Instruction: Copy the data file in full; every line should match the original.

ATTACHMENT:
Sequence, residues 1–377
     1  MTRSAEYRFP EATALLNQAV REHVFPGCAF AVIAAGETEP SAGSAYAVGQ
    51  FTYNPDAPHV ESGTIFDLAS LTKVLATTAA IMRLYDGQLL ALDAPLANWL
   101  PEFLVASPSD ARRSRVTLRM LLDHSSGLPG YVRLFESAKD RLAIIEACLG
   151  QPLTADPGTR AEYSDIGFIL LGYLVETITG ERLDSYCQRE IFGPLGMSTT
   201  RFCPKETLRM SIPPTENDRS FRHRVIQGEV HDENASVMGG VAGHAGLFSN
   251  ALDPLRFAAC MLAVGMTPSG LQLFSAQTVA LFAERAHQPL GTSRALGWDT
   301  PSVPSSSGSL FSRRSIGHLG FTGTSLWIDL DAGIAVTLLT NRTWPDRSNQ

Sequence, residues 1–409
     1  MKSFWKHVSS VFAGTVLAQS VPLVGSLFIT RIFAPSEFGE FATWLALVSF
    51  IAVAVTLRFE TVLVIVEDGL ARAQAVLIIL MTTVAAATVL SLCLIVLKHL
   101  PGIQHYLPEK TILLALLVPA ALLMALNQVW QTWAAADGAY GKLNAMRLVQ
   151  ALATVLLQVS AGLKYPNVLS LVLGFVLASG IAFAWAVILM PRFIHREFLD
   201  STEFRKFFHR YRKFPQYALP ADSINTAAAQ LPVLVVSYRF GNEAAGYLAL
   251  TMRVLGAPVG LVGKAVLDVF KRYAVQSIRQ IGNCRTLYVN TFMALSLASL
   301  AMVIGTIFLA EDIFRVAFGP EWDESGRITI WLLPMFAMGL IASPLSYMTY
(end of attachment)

Sequence, residues 1–377
     1  MTRSAEYRFP EATALLNQAV REHVFPGCAF AVIAAGETEP SAGSAYAVGQ
    51  FTYNPDAPHV ESGTIFDLAS LTKVLATTAA IMRLYDGQLL ALDAPLANWL
   101  PEFLVASPSD ARRSRVTLRM LLDHSSGLPG YVRLFESAKD RLAIIEACLG
   151  QPLTADPGTR AEYSDIGFIL LGYLVETITG ERLDSYCQRE IFGPLGMSTT
   201  RFCPKETLRM SIPPTENDRS FRHRVIQGEV HDENASVMGG VAGHAGLFSN
   251  ALDPLRFAAC MLAVGMTPSG LQLFSAQTVA LFAERAHQPL GTSRALGWDT
   301  PSVPSSSGSL FSRRSIGHLG FTGTSLWIDL DAGIAVTLLT NRTWPDRSNQ

Sequence, residues 1–409
     1  MKSFWKHVSS VFAGTVLAQS VPLVGSLFIT RIFAPSEFGE FATWLALVSF
    51  IAVAVTLRFE TVLVIVEDGL ARAQAVLIIL MTTVAAATVL SLCLIVLKHL
   101  PGIQHYLPEK TILLALLVPA ALLMALNQVW QTWAAADGAY GKLNAMRLVQ
   151  ALATVLLQVS AGLKYPNVLS LVLGFVLASG IAFAWAVILM PRFIHREFLD
   201  STEFRKFFHR YRKFPQYALP ADSINTAAAQ LPVLVVSYRF GNEAAGYLAL
   251  TMRVLGAPVG LVGKAVLDVF KRYAVQSIRQ IGNCRTLYVN TFMALSLASL
   301  AMVIGTIFLA EDIFRVAFGP EWDESGRITI WLLPMFAMGL IASPLSYMTY